Slowdown in company car driver fines indicates better driving behaviour
Work by fleets to improve driver behaviour is starting to pay off, with a fall in the value of motoring fines and penalties and a slower rate of increase in the volume of fines.
Latest research by Lex Autolease from more than 361,000 company cars and vans finds that the value of fines in 2019 stood at £17.1m; down 0.6% on the figure of £17.2m the year before when including penalties for Mersey Flow and Dartford Crossing charges into the data set. This bucks the trend of yearly increases from £10.7m in 2016.
While the volume of motoring fines and penalties did increase in 2019 – from 267,058 to 275,558 – the 3% rise showed a slower rate of growth and compares to a 60% cumulative increase over the last three years.
Providing further encouraging signs of driver behavioural change, the percentage of drivers caught by bus lane cameras fell for the first time, down by 17% year on year, with fines issued for congestion charges and council parking also falling by 6% and 4% respectively. Mersey Flow and Dartford Crossing fines also saw a year-on-year decrease, with the total number of penalty notices issued falling by more than two-fifths (44%) from 54,618 in 2018 to 30,391 in 2019.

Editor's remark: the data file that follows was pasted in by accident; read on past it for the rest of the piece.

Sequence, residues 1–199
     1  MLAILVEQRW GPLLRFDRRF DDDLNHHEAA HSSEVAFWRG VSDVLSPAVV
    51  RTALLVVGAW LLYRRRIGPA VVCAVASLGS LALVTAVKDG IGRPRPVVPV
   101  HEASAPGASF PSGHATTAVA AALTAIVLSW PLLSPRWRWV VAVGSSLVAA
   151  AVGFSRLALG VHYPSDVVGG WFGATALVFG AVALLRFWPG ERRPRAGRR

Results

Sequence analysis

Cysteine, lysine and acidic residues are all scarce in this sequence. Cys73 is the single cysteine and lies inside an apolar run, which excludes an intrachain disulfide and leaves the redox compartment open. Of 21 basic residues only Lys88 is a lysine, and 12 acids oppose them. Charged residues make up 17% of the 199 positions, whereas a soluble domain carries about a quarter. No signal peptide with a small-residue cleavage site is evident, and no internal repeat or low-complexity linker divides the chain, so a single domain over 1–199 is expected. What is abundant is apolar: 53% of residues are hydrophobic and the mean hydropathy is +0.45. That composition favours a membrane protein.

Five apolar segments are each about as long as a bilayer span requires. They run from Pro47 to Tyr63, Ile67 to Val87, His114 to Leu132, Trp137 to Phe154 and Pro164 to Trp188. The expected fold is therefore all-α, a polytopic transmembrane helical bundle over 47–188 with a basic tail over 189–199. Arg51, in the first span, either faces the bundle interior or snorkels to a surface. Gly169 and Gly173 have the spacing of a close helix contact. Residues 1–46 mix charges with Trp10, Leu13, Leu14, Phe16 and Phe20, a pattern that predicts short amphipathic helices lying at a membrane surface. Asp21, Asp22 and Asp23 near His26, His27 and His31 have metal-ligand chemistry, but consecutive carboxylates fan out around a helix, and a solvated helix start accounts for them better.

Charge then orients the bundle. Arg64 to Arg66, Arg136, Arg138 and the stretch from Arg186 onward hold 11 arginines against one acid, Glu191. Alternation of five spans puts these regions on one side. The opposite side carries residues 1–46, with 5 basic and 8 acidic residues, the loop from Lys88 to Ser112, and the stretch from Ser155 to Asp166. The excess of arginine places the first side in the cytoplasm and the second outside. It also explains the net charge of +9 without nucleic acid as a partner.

But further work is needed. The percentage of motorists penalised in private car parks rose by 6% year on year to £6.2m, and illegal junction-box stops and red-route driving fines increased by almost a fifth (19%) to £6.3m during the same period.
Kim Morris, motor operations director at Lex Autolease, said: “Fleet managers have placed a great emphasis upon driver health and safety in recent years and it’s encouraging to see evidence that this is starting to pay off, with a considerable slowing in the rise of the number of fines incurred and a decrease in the number of fines for commonplace offences, including bus lane driving and congestion charges.
“However, our analysis shows that there’s still more businesses can do to educate their employees to bring these numbers down further. Continuing to invest further in driver education can help to modify employees’ driving habits and in turn save businesses unnecessary outgoings each month.”
She added: “As the new tax changes for alternatively fuelled vehicles gather momentum, driver education will become even more important for fleets to make sure avoidable fines and penalties do not offset the cost-saving benefits of low- or zero-emission vehicles.”